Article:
KPM composers David Hewson and Bill Baylis were commissioned to re-work the classic ‘News at Ten’ theme (‘The Awakening’ by Johnny Pearson). Both had collaborated on the previous ITV News theme (also based on Pearson’s original) and Hewson had previously reworked the News at Ten theme for an even earlier rebrand in 1992.
As with previous updates to the ITV News music, the ‘News at Ten’ package (entitled ‘Global Report’) introduced several additional cuts including a new arrangement of the closing theme together with a generic headline bed and separate cues designed to lead in to and out of commercial breaks.
|Title||Global Report (A)|
|Composer(s)||Bill Bayliss, Dave Hewson, Johnny Pearson|
Studio Set Design
Although the new programme was to be broadcast from the same virtual reality (VR) studio as existing ITV News bulletins, a bespoke backdrop image was created for the ‘News at Ten’ set, featuring a panoramic view of the London skyline at night.
VR panels were also constructed on either side of the presentation desk to allow both anchors to conduct down-the-line interviews with guests, live two-ways with reporters on location, and to display information graphics inluding financial data on global markets and currency exchange rates.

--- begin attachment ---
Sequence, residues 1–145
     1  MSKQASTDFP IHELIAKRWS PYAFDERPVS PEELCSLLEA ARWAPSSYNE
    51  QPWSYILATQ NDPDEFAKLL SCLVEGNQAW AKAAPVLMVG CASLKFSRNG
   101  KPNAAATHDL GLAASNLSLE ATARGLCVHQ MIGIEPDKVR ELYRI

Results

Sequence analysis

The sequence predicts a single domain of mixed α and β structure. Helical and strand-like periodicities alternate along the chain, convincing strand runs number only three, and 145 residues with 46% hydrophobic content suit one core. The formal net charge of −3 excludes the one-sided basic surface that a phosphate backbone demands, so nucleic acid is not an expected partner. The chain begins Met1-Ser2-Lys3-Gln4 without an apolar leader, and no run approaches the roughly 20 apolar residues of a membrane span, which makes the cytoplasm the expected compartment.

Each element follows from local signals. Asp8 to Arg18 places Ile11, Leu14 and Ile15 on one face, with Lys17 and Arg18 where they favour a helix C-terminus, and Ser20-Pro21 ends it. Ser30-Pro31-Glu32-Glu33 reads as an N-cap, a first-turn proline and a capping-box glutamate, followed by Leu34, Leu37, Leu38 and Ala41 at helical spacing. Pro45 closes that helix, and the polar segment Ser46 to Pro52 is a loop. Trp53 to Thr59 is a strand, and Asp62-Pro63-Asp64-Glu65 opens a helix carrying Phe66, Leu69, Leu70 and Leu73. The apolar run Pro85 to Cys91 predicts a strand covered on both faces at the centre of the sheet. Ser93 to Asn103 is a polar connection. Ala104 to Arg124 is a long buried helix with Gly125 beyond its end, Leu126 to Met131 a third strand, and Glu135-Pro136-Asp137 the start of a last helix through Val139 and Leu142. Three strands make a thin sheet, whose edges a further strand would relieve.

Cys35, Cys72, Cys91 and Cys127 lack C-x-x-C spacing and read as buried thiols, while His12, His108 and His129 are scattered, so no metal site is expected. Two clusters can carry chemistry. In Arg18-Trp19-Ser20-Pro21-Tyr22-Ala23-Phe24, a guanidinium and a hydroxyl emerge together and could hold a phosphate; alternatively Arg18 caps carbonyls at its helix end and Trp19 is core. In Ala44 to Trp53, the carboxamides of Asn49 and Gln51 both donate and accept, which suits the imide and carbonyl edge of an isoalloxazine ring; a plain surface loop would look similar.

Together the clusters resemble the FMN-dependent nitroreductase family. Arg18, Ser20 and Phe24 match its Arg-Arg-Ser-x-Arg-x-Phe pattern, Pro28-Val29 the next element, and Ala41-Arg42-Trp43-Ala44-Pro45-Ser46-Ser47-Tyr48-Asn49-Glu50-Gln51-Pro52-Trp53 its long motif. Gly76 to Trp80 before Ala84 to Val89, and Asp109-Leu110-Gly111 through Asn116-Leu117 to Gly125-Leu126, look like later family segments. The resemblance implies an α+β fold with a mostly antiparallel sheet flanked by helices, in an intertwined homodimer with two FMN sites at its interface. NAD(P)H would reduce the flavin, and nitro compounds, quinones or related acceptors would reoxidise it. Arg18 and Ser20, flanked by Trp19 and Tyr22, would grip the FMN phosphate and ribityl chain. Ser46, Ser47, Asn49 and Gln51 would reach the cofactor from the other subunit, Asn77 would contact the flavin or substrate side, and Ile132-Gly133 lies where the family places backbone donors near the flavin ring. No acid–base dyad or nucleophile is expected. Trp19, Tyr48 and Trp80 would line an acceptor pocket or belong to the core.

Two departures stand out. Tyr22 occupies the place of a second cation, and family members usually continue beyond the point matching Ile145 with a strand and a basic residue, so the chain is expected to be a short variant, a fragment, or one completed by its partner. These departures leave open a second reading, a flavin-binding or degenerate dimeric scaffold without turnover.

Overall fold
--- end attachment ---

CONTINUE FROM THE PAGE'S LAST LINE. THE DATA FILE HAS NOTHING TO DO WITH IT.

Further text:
A separate area of the set was also created for presenters or correspondents to explain complex details of a story using state-of-the-art touch screens to interact with graphics, still images and moving footage.
In keeping with the programme’s tradition of breaking news, the very first bulletin led with an exclusive – reporter Neil Connery’s interview with the former lover of the late Princess Diana, Dr Hasnat Khan in Pakistan.
Other highlights from the opening night included a package and live link-up with International Editor Bill Neely on special assignment in Antarctica and Geraint Vincent interviewing the new England football coach Fabio Capello in Zagreb, during which he even tried his hand at speaking Italian.
The second night led with an exclusive interview with the Prime Minister, Gordon Brown, which Sir Trevor had recorded earlier that day in Downing Street.
It remains to be seen whether ‘News at Ten’ will ever regain the commanding lead it once enjoyed over its BBC rival. Although ITN’s ability to deliver high quality news is not in question, the programme’s success will largely depend on the strength and longevity of ITV’s commitment to the ‘News at Ten’ brand and whether the broadcaster is able to rebuild the audience for its flagship bulletin at a time when there is a growing demand for news to be delivered online.